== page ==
However important or unimportant that was in university, it isn’t all that valuable in the real world. I mean, knowing code syntax is important, but knowing it all off-by-heart isn’t required.

You can use the Internet and the API to research any syntax or function layouts that you need when you’re on the job. It’s usually pretty easy to do, with the amount of quality websites out there that explain functions. IDE’s these days, such as Eclipse, often give you syntax highlighting.

What I think is more important is learning what you’re trying to do with the code. Learning what functions are available and what you can do with the code and data as a database programmer is a helpful skill to know.

Early in my career I was focused on the syntax and the other details of the functionality, but over time, I learnt more about the functions and the best way to do things.

 

The Chosen Solution Isn’t Always The Most Effective

As I mentioned before, in the business world, software is implemented under the constraints of time, cost and quality.

This is known as the project management triangle. Basically, the project team is always prioritising two of these items, not three. For example, you can have time (a fast implementation) and quality (a good quality solution), but not cost (it will be expensive).

When I was in university, I always tried to submit the best work that I could. I would stay up late and get the assignment done so it would meet the criteria. Code would be commented, databases would be well-designed, assignments formatted.

I thought that’s how I needed to work as a database programmer when designing the solution.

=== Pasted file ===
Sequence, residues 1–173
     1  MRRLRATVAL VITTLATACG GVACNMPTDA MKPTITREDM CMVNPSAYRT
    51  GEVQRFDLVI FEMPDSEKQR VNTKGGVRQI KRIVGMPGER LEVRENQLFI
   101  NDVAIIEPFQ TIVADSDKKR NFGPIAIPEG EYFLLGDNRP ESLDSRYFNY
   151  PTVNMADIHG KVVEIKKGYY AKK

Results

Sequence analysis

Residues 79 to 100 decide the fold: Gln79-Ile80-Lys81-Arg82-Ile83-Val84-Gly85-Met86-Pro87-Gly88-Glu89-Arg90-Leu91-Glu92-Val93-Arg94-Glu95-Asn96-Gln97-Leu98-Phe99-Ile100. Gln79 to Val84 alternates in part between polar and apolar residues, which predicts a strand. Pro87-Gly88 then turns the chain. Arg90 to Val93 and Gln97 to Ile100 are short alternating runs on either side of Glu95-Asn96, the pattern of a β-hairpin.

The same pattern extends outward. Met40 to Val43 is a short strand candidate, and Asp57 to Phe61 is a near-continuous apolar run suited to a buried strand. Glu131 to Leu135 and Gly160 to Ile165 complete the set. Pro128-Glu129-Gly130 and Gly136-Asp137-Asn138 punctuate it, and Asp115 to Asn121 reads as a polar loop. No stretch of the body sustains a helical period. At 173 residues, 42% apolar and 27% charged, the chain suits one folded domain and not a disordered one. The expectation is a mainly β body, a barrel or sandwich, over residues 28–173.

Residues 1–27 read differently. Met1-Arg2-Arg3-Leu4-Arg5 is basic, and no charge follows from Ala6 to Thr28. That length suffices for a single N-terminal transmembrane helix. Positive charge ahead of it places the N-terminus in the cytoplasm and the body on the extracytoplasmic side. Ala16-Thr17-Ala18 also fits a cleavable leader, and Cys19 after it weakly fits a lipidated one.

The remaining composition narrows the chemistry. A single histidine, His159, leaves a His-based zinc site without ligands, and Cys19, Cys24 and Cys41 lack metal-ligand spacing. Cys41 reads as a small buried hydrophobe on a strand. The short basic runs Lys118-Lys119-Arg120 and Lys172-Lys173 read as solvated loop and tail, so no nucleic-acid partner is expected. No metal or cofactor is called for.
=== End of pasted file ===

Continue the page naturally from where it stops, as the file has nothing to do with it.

However, because of the constraints of time, cost, and quality, you might be in a position where the choice of solution that is implemented isn’t the most effective one. Let’s say you have two ways of solving a problem:

  1. Well-designed, easy to maintain, but more time and cost required
  2. Average design (matches current system but not perfect), can be maintained by current team with some effort, less time required than option 1.

This depends on many factors, but most businesses will choose option 2. It would satisfy the requirements for the least cost. Of course, it depends on the company and where the project is at, but the point I’m making is that companies don’t always consider the best solution all of the time.

This was a big thing for me to learn. I couldn’t understand why project teams were choosing to force comma-delimited data into an existing table and processing it, rather than creating a new set of reference tables to use the existing and new data (for example). Eventually I learnt that there are other factors to consider and that it’s not always the IT team that make the decisions – it’s the people with the money.

 

I hope these points that I wish I learnt in my early roles as a database programmer will help you in your career. Do you have any other questions about being a database programmer? Share them in the area below.

Career Action Tip: Think about your current project or role, and try to create solutions that meet the cost, time, and quality constraints as best as you can.

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Image courtesy of Ambro / FreeDigitalPhotos.net